Friday, October 13, 2006

The news media doesn‘t like to cover airplanes that land safely.

Better late than never: I've meant to post about the "Haley Barbour for President" (I mean Katrina anniversary) edition of Scarborough Country for a month and a half now. And somebody needs to post a recent John Maginnis column while it's available on line. For anyone from elsewhere reading, Maginnis is probably the most respected political commentator in the state. I think he leans Republican (I used a harsher term once before); nobody would call him a knee-jerk Blanco defender.

I'm sure that everybody's tired of the manufactured Louisiana/Mississippi rivalry, but the Aug. 29th airing of Scarborough Country
was particularly galling. Scarborough gave Barbour the chance to be the gloating coach of the winning team:
BARBOUR: Our people didn‘t look for somebody to blame. They weren‘t whining. Mississippi‘s not into victimhood. We got hit by the worst natural disaster of our history and got knocked flat. But our people that day got up, they hitched up their britches and went to work. They went to work helping themselves and helping their neighbors. And that‘s the way it‘s been every since, and that spirit is all the difference in the world. They‘re the kind of people that are just not going to quit.

SCARBOROUGH: Anybody that knows about hurricanes knows this was ground zero for Hurricane Katrina. Why were you forgotten?

BARBOUR: We bore the brunt of the storm, you‘re right. I‘ll tell you why we were forgotten. The news media doesn‘t like to cover airplanes that land safely. You know, they want to go where somebody is complaining and whining and saying, Give me something. People down here were saying, Let me help my neighbor.

On the surface, there's nothing wrong with the governor of Mississippi praising the people of Mississippi, but this goes beyond the usual "us vs. them" diversion. I normally think that the term "code speech" is overused, but Mississippi's Gulf Coast is overwhelming white--the three coastal counties vary between 73% and 90% white-- and New Orleans is mostly black. I think Barbour knows exactly what he's doing when he says that they work and help themselves in Mississippi. He doesn't need to say what kind of people whine and complain and say, "give me something."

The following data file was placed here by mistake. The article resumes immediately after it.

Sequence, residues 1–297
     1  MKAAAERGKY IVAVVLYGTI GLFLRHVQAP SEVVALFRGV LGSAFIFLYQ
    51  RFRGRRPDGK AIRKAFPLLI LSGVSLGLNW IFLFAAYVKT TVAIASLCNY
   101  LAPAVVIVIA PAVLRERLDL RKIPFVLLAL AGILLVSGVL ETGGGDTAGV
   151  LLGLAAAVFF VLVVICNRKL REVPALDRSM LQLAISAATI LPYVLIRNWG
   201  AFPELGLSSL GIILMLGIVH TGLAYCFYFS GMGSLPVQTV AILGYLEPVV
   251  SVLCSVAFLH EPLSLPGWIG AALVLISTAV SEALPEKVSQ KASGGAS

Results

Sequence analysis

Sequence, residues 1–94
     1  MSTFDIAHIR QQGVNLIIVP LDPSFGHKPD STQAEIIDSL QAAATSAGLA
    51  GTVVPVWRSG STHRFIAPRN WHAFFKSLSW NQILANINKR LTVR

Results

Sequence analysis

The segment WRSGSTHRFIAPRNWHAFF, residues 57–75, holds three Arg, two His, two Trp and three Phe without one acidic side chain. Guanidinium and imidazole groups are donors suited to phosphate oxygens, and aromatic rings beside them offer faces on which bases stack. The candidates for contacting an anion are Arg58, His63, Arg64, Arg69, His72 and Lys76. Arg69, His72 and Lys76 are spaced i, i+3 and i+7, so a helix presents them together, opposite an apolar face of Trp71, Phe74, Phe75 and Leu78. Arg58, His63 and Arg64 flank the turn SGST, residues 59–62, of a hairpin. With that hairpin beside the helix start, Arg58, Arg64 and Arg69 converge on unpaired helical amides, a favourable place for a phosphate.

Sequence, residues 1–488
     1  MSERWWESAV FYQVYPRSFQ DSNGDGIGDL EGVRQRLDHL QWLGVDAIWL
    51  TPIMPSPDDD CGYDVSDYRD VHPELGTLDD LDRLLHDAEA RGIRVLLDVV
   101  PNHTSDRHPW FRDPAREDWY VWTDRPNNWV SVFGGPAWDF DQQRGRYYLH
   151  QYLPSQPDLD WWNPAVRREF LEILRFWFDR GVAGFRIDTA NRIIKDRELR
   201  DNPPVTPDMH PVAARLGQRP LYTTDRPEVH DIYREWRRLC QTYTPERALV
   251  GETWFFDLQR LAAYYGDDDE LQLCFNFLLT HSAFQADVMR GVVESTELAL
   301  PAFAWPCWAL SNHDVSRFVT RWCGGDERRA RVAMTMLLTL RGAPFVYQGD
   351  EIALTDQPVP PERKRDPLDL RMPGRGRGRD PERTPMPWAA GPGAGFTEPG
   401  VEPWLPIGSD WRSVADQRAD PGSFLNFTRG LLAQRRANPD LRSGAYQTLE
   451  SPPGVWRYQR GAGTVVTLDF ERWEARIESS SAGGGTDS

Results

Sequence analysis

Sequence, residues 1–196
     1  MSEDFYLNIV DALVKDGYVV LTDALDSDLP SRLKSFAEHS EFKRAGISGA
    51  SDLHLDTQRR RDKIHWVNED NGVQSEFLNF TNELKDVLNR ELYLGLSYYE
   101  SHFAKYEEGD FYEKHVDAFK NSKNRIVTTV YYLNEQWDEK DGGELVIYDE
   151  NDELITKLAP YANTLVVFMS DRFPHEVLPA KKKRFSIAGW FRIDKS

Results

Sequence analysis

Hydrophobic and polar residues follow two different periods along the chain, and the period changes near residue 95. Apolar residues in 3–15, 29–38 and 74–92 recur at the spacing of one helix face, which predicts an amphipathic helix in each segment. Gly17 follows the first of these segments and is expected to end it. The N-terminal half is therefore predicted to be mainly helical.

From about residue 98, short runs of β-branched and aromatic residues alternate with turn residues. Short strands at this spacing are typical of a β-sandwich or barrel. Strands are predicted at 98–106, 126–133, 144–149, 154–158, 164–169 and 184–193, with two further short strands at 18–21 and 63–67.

Barbour didn't need to praise himself, the "Pullitzer Prize winning" editor of the Mississippi Sun Herald was on hand to do that:
(Stan Tiner of the Sun Herald)But I also want to pay homage to the leadership. I think books will be written for many years about leadership that was characterized by people like Governor Barbour because we have a lot of small communities along this coast, and each one of them, as Professor Brinkley indicated, did wonderful jobs of standing up in their place and doing what they could. But it required leadership at a high level to come in and bring the resources together and help them be put into place for everybody.

That was the second segment (scroll past the Brian Williams segment), everybody (Barbour, Tiner, Scarborough and Douglas Brinkley) on it was horrendous.

In a later segment, we even found out that Haley Barbour was responsible for the concept of the Katrina Cottage:
Governor Haley Barbour asked architects to come up with an alternative. The result: Marianne Cusato‘s Katrina cottage.

Not a total fabrication, BTW. Just one hell of an exaggeration.

They left out the part about Barbour's lobbying firm representing corporations that sue to take business from Mississippi companies.

Rather than go into detail, I'll just copy that John Maginnis column:

Road home no faster next door
Wednesday, October 04, 2006
John Maginnis

The snail's pace of the post-hurricane housing grant program is provoking outrage among state politicians. Homeowners who applied in April have heard nothing back. The Legislature complains about being shut out of the planning process, while ethics questions swirl around some lawmakers' business dealings with the program. It is being called the governor's "albatross."

And -- surprise, surprise -- it's not in Louisiana.

Though Mississippi received full federal funding for its housing grant program six months earlier than did Louisiana, bureaucratic snags have caused only 75 of 17,000 applicants to receive checks as of Sept. 14, according to the Mississippi Development Authority. "That's outrageous," U.S. Sen. Trent Lott, R-Miss., said. "It baffles me."